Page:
Tragedy: Acid victim ends 12-year struggle

Fakhra Yunus, attacked by husband Bilal Khar, jumped off Rome building.


Shayan Naveed/irfan Aslam March 25, 2012

LAHORE/ KARACHI:


It wasn’t just one leap that ended Fakhra Yunus’ life. It was three years of a violent marriage, one acid attack, 12 years of living with the scars, 39 plastic surgeries and zero justice.


In the year 2000, Fakhra was allegedly attacked with acid at the hands of her husband Bilal Khar, former Punjab governor Mustafa Khar’s son from his first marraige.

Her face and body were completely disfigured. She eventually moved to Italy, where its government volunteered to provide care for her – something that was ultimately the Pakistan government’s obligation.

On March 17, 2012, she jumped off the sixth floor of a building in Rome, ending her decade-long struggle. Her body was flown into Karachi on Saturday.

Fakhra met Bilal, a resident of Kot Addu, in 1998 in Karachi, where she lived. They eventually got married but after three years of being subjected to domestic violence, she left Bilal and returned to Karachi.

This seemed reason enough, however warped, for Bilal to chase after her and allegedly attack her with acid while she slept.

Bilal was on the run and was finally arrested two years later in 2002, while on a hunting trip and is said to have been hiding in a truck. He was charged with attempted murder, only to be released on bail after five months. He still lives in his house in Kot Addu.

While the then-government made various announcements to assist Fakhra and have her treated, they all proved to be hollow promises. Mustafa Khar’s former second wife Tehmina Durrani, however, stepped up to help her stepson’s wife. Durrani arranged to have Fakhra shifted to Italy, where she had 39 plastic surgeries in 12 years. The Italian government also provided her with a flat in Rome, where she gave in to her battle with life.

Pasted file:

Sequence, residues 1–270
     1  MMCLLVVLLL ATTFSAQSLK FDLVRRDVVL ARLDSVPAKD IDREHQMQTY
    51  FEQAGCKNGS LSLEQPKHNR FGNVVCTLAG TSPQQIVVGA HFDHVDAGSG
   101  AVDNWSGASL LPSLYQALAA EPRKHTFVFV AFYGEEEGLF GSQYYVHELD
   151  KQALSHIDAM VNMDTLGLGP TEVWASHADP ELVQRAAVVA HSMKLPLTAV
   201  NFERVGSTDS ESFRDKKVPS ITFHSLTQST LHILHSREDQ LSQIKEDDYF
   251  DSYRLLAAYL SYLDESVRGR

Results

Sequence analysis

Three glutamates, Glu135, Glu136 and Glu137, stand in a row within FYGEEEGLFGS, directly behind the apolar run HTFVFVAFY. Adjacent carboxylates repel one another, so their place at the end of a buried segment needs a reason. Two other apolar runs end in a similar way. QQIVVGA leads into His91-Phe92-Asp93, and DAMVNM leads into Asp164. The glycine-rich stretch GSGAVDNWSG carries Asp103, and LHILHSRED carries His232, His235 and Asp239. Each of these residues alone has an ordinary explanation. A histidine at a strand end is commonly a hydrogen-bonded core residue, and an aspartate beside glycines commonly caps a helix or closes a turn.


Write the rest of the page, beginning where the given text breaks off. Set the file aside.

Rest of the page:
While the country still revels in this year’s Oscar glory for “Saving Face” – a documentary on acid attack victims in Pakistan – and parliament’s passage of a historic bill on acid attack victims, Fakhra’s death will be a strong reminder that Pakistan still has a long way to go in completely ridding society of such acts of violence.

Meanwhile, Muttahai Quami Movement chief Altaf Hussain condemned Fakhra’s death and the acid attack at the hands of her husband. Such feudal lords, he said, should be arrested and hanged.

Published in The Express Tribune, March 25th, 2012.

COMMENTS (9)

Ariell Hsu | 9 years ago | Reply

So very sad... I read that at the time of the acid attack, she had a five year old son. I kind if feel like she is living for her son, he would have been 17 or 18 by now.

Hina | 9 years ago | Reply

I am surprised she did not take her life earlier and commend her for living with the pain, both physical and mental, for 12 long years.

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